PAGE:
Before the Trail of Tears, "Elder" Humphrey Posey (1780 - 1846), the Baptist minister and missionary, founded the Valley Town School in North Carolina. Baptists like "Elder" Humphrey Posey went against the conventional thinking of their day. In 1879, Captain R.H. Pratt opened the first Indian Boarding School in Pennsylvania and coined the phrase, "Kill the Indian, save the man."

The Baptist Missionaries who worked with Posey had a real love for the Cherokee. Early Baptists in America believed a person needed to be free from the confines and echelons of high society to receive the truth and wisdom provided by the Holy Spirit. In 1821 the Cherokee scholar, Sequoyah documented the Cherokee Language with a written alphabet. The Valley Town School adopted it for use with academic lessons and vocational training. The school was a unique space where Cherokee learned and lived in continuity with their own cultural identity. Valley Town School is known to have produced at least three of the minds, Peter Oganaya, John Wickliff, and James Wafford, who led resistance to Cherokee removal and who later formed the Eastern Band of Cherokee in North Carolina.

Resultant of the Valley Town School legacy, Nora was a Baptist who understood her Christian faith did not require a separation or conversion away from her Cherokee identity. One Sunday, when I was six years old, I heard that people who did not know Jesus would not make it to heaven. I remember being scared for so many people around the world. I went to Nora in tears, "what is going to happen to all the people who don't speak English ''. She sighed and took me in her arms, putting my head on her chest. I could hear her heart beating. She replied,


"Angel Baby, don't you worry. I'm sure that God has a plan for all of his

people around the world. You take the Indians from Asia, I am sure

they have something special figured out with the Lord."

Her words fell with certainty and authority, and she didn't bother to fill in the blanks. I was so desperate for comfort that I didn't ask more questions. Years later after both great-grandmas were gone, I discovered my family history and the multi-generational ties binding Nora and Birdie together. It turned out that Birdie was a direct descendent from "Elder" Humphrey Posey (1780 - 1846). Growing up, I attended Baptist services with both grandmas. My favorite hymn was Blessed Be the Tie that Binds. Today, I feel like these women were binding me into a fellowship, generations in the making.

Nora comprehended an openness and a mystery in her faith. I believe that she invited me to think more universally about “the ties that bind us", encouraging me to find Sutras. Nora was gifted with sight. She had a way of looking upon people and reading their intentions, their background, and where they were standing at a moment in time. She called it knowing someone “bone-deep”. She acquired her knowledge of the Indian people of Asia out of natural curiosity. She said, “I had to understand. I wanted to know about the people Columbus confused us for.” She was elated over their modern-day Constitution and found reverence in the story. Hada you know, “the Framers of the U.S. Constitution modeled checks and balances of power for our Republic after the Iroquois nation. Then Indians in Asia modeled their Constitution after the U.S.." I think it pleased her to think about the gifting of ideas between people.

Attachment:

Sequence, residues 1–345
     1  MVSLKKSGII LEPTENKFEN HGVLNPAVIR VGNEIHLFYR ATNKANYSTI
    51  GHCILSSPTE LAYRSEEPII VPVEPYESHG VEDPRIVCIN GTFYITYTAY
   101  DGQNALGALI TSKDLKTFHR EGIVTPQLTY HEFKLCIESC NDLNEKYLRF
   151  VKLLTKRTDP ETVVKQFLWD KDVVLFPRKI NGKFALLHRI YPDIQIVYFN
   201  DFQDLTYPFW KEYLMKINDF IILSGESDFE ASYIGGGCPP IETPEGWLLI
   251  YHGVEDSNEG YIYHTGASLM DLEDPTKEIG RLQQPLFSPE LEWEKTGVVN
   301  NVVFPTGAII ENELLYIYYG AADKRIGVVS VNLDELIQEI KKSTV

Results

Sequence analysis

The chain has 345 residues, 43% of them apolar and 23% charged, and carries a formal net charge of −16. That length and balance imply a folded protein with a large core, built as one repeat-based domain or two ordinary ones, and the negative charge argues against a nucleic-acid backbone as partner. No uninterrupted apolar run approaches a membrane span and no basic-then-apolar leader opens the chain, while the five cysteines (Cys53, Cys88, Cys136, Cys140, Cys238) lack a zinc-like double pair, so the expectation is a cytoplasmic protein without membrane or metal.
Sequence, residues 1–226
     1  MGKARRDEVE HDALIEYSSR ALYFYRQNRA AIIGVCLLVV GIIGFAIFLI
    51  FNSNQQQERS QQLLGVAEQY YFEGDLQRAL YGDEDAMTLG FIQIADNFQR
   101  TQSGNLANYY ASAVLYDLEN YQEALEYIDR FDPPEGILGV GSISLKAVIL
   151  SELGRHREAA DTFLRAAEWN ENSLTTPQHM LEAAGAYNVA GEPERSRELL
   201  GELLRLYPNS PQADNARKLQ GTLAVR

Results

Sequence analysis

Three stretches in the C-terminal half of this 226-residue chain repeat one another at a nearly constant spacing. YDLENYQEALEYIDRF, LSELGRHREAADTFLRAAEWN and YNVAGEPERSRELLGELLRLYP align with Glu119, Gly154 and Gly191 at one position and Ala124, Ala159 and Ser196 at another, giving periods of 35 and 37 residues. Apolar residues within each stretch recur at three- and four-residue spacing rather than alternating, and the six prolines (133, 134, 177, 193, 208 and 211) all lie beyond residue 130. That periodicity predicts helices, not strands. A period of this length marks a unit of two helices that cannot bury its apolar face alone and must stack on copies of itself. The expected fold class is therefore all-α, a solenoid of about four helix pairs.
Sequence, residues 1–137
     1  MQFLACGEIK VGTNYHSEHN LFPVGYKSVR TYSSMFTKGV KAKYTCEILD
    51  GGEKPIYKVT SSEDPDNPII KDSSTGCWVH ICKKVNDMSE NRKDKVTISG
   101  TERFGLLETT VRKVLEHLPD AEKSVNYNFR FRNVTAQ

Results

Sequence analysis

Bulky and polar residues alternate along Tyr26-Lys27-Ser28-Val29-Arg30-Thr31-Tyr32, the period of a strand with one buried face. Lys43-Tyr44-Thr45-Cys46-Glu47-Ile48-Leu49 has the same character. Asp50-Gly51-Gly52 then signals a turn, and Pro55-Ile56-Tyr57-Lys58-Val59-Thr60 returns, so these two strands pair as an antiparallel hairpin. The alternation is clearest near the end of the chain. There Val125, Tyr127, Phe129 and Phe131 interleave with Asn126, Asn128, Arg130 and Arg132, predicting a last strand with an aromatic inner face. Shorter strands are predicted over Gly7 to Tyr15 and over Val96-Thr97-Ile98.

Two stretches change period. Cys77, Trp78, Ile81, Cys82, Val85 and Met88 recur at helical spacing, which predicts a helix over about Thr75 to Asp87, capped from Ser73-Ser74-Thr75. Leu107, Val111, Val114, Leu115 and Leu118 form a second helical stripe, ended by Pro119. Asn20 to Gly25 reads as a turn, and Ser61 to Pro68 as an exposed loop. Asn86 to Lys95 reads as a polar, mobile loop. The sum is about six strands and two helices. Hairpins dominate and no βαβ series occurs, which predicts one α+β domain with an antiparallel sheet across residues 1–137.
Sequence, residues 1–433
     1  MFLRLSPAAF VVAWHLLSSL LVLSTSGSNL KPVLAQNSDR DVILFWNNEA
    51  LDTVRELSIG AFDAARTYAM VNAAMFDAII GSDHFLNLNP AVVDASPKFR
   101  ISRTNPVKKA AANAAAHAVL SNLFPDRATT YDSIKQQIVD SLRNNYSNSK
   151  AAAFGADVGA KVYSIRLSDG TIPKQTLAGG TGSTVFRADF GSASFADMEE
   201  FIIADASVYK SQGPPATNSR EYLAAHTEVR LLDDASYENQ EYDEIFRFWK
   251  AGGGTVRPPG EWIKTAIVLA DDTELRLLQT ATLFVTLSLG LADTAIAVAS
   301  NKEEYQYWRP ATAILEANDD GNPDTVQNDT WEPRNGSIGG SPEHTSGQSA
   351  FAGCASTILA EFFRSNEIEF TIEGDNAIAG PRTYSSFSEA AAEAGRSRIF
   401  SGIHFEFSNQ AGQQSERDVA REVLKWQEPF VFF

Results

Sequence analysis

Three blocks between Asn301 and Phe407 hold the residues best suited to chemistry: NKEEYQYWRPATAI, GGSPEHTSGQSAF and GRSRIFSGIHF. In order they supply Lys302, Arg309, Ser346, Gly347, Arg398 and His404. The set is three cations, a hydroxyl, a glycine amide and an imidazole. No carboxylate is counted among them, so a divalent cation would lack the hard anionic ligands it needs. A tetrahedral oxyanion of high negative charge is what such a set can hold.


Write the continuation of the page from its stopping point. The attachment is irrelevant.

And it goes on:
The Impact

Today, I too strive to know people “bone-deep” like Nora. My career in the industrial supply chain of Energy Technology has afforded me opportunities to travel. I am fortunate to have worked with talented people, from diverse backgrounds, around the world. There is something about designing and building a massive piece of machinery, then sending it across the globe to serve energy markets, that evokes for me, a sense of connectivity with people. Creating the storytelling prompts for Acorders, inspired the writing exercises that profiled my influencers as archetypes. The storytelling series naturally evolved, walking backward from recalling moments in my career to my youth and childhood. My backstory came forward by weaving the threads that linked these experiences together. Coming through this, I want to experiment with other storytellers.

The big questions

What creative responses can the Acorders storytelling curriculum inspire? Will others who follow this curriculum be able to bring their backstories into the fold? What other unimaginable outcomes and creations can come from working through these prompts? With emotional storytelling forming coherent backstories, will people be able to use the common experiences with the Acorders prompts to form ties that bind their stories together for purpose and impact? And lastly, what can this offer the innovation value chain?

Join our community and participate in the design process with us. Acorders is building a digital experience for storytellers of impact. We invite you to discover your archetype and place it on a path with us. Much like the "Choose Your Own Adventure" books of the 1990s, Acorders will prompt an individual to tell their story and align it with others in an ensemble.